Is there anywhere we can dance and be safe? That sentiment echoed through the rooms of Lake Harmony, PA’s Split Rock Resort this past weekend, after Ray Ban x Boiler Room’s massive Weekender rave was shut down by police early Sunday morning. Boiler Room positioned the two-day getaway as a celebration of innovation in global club culture, recruiting international collectives re-envisioning techno, house, dancehall, industrial, reggaeton, and beyond to bring their artistic visions to life in 12 different rooms on the resort premises.
But police and security staff administered aggressive searches throughout the weekend, profiling black and brown festival-goers at security checks. That undue use of force that culminated in the arrest of 19-year-old Kaylan Jones for possession of a controlled substance early Sunday morning and the head injury of attendee Daniel Moore. As Boiler Room was forced to cancel the remaining afterparties and security demanded that attendees return to their rooms, it was difficult not to feel fatigued by the continued threat of white supremacy and police violence in the club space. Where do we go to dance, when our sanctuaries are continuously taken from us? What can we do to combat the theft of these spaces?
At the very least, a sense of community, creative solidarity, and belonging swelled in the suites, dance floors, and arcades of the resort complex over the course of the festival. Friends, artists, and Twitter personalities from all over danced, drank, and celebrated with each other (at times, the getaway almost felt like a middle school graduation trip to Washington, D.C. – tacky but charming hotel decor included). On Friday, attendees started streaming in around midnight, with the festival picking up steam around the time the 2 a.m. after parties kicked off. Club titans NAAFI (represented here by Imaabs, Zutzut, and Paul Marmota) concocted warped edits of N.O.R.E.’s “Oye Mi Canto” alongside the ubiquitous and irresistible dembow of Los Teke Teke’s “Deja Tu Estrés” to a crowd demanding catharsis.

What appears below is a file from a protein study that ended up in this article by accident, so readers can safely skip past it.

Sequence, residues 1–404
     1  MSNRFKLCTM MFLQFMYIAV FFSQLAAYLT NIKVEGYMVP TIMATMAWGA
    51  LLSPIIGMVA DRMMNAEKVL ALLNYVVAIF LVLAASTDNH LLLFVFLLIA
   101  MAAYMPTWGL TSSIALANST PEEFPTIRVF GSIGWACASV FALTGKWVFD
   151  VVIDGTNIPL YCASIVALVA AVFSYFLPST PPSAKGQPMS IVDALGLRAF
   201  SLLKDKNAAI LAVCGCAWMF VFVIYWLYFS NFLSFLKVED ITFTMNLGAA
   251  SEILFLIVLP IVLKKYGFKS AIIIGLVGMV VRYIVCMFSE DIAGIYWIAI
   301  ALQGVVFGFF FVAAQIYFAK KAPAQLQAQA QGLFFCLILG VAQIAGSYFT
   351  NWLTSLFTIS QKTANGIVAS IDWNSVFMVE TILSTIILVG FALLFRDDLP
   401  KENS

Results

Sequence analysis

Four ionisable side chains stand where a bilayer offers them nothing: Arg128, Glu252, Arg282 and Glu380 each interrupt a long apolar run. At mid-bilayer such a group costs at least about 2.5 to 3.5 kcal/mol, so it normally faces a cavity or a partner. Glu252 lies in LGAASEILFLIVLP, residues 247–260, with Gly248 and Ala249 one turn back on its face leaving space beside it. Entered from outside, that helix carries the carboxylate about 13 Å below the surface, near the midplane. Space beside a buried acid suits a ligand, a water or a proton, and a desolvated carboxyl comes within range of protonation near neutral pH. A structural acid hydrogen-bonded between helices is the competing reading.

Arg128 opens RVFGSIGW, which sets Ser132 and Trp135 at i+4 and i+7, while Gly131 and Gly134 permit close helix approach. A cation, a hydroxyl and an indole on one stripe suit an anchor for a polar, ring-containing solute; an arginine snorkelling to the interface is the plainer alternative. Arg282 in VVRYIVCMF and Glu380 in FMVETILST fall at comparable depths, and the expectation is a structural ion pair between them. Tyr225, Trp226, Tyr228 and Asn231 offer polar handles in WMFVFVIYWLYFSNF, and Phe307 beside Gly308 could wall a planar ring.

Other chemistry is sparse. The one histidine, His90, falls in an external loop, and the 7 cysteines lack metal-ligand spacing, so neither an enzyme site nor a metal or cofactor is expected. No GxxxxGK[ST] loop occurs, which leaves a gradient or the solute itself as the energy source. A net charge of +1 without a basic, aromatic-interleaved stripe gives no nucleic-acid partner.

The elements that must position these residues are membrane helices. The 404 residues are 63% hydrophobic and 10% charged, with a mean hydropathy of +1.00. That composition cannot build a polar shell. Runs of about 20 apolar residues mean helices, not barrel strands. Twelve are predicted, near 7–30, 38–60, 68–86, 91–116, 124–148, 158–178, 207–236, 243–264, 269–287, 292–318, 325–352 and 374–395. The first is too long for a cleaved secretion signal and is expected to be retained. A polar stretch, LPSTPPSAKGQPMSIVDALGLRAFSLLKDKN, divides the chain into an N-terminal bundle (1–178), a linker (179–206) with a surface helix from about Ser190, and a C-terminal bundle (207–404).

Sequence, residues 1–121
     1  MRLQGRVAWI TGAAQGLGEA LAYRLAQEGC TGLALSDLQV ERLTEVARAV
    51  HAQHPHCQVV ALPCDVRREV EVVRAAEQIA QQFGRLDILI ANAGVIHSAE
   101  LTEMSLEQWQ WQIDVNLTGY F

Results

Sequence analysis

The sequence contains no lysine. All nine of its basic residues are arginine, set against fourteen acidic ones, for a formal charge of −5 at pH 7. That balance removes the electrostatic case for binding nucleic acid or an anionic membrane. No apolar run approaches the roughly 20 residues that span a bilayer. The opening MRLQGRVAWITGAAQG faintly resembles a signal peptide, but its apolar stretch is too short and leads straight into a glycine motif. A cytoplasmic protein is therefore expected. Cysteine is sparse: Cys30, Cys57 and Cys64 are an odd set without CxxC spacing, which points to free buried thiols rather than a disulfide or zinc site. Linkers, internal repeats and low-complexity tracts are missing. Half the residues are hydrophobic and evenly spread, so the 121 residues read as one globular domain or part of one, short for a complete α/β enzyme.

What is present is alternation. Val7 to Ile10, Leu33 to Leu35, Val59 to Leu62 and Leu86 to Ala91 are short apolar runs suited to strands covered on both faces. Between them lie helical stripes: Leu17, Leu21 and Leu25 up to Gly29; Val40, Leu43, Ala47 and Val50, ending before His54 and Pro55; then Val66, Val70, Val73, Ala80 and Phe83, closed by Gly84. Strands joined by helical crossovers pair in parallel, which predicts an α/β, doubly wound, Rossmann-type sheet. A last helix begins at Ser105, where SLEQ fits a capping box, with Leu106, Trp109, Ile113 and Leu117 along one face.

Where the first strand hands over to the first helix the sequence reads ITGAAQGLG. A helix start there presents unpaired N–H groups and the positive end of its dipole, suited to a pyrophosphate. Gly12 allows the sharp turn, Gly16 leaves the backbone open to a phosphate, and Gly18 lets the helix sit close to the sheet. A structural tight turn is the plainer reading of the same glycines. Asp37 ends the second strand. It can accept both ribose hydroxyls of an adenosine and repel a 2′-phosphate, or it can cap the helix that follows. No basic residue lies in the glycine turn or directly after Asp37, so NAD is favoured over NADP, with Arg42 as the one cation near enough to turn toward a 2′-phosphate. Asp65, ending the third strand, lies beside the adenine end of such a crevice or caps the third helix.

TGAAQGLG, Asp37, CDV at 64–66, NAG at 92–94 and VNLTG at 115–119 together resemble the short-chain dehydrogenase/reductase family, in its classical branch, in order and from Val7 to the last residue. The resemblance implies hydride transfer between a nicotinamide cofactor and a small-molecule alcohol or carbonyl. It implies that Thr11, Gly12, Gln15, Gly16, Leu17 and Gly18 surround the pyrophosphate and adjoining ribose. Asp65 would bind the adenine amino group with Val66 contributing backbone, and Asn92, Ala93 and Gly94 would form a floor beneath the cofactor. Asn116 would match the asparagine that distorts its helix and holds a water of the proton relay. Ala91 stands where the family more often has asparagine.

Saturday kicked off with Mixpak’s dancehall throwdown in the resort’s water park, an undeniable highlight of the festival. People in Chromat swimsuits frolicked in wave pools, rode water slides, and dutty wined to the dembow riddims of labelhead Dre Skull and Afrobeats heavyweight Maleek Berry. The event introduced a handful of Latin American producers and DJs to New York club kids for the first time; crews like Bogotá’s El Freaky Colectivo played early sets on Saturday, but had the chance to spin alongside big leaguers like Venus X and Jimmy Edgar.
As nighttime rolled around, ramped up security at the GHE20GOTH1K performance space produced a sense of confusion and discomfort among attendees. Munich-born Mechatok and British-Chilean producer Kamixlo kicked off the night as attendees patiently waited through security checks. Kamixlo peppered his set with deliciously abrasive industrial reggaeton and a special appearance by Fifth Harmony’s “Work.” Just as Richmond, Virginia’s Divine Council was set to take the stage at 2 a.m., security cancelled the rest of the festival and hurriedly ushered attendees into their rooms.